Perry Link: Rhymes Against the State

Perry Link, a co-editor of “The Tiananmen Papers,” teaches at the University of California-Riverside. He wrote this piece in the Washington Post:

In Imperial China, emperors and other high officials sometimes disguised themselves as commoners and mingled with the ordinary folk to learn what they were really thinking. For essentially the same purpose, a government office in the People’s Republic now collects shunkouliu, or “slippery jingles.” These are rhythmic, often rhyming sayings full of clever wordplay. They are invariably satirical, and corruption is the most common target of their biting wit. The ditties are passed around by word of mouth (or, more recently, through text messages) and, like jokes in the West, are of unknown authorship. Uncensored and uncensorable, they are the freest and arguably the liveliest medium in China, even though the government has classified the poems in its own collection as state secrets.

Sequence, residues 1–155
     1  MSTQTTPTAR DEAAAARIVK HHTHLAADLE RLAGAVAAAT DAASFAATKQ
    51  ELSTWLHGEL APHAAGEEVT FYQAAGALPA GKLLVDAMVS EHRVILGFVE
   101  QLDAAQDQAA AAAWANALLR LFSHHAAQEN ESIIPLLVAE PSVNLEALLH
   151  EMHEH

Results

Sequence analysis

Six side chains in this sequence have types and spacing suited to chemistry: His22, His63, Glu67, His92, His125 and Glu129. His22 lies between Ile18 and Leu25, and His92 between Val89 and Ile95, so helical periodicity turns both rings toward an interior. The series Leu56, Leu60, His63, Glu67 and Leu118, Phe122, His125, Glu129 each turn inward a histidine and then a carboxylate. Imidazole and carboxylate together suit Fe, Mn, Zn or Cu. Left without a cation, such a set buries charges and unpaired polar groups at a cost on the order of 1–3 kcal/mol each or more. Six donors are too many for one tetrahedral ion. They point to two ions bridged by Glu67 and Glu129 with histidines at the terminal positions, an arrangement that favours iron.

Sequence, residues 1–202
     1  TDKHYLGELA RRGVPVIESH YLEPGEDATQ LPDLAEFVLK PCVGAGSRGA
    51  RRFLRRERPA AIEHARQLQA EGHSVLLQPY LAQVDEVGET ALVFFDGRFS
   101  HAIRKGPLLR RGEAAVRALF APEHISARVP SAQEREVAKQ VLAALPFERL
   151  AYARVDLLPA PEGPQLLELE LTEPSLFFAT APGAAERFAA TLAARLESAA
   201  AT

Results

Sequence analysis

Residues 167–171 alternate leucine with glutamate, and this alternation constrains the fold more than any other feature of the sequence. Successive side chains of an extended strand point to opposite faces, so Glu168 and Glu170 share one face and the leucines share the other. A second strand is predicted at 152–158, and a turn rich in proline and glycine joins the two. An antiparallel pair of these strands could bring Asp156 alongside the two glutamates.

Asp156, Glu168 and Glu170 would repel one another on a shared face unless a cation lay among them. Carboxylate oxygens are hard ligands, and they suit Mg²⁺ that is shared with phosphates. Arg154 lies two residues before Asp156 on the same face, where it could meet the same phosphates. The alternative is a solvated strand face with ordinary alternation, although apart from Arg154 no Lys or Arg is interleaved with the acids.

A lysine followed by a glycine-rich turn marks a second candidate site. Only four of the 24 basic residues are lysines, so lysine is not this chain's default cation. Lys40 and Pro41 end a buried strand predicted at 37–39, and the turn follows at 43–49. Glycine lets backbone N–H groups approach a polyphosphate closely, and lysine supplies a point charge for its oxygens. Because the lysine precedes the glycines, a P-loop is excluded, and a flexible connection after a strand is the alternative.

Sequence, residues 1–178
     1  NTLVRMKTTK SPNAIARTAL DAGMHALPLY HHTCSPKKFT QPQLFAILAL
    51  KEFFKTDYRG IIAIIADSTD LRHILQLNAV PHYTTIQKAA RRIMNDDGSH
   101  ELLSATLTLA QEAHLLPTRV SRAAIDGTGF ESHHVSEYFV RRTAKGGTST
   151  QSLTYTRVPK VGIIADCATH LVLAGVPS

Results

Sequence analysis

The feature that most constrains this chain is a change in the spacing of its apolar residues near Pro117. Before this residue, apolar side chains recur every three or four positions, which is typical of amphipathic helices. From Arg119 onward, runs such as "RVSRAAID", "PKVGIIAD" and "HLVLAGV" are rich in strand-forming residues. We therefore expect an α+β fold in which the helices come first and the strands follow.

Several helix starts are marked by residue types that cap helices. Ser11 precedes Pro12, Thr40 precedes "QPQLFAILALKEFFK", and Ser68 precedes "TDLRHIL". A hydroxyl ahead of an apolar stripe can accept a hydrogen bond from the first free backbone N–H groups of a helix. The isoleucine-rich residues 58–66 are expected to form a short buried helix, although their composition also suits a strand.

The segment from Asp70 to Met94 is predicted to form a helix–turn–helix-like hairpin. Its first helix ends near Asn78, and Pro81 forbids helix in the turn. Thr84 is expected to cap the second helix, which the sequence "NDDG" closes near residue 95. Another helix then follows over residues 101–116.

… The Olympics arrive
Beijing’s alive!
The torch on display!
(The people make way.)
The foreigners are here
So the sky’s suddenly clear!
And here’s a new treat:
Fewer cars on the street!
Of course we are moved
That the food has improved.
And: no beggars, no riff-raff,
No petitions, you see,
No jails, no beatings
Just sweet “harmony!”


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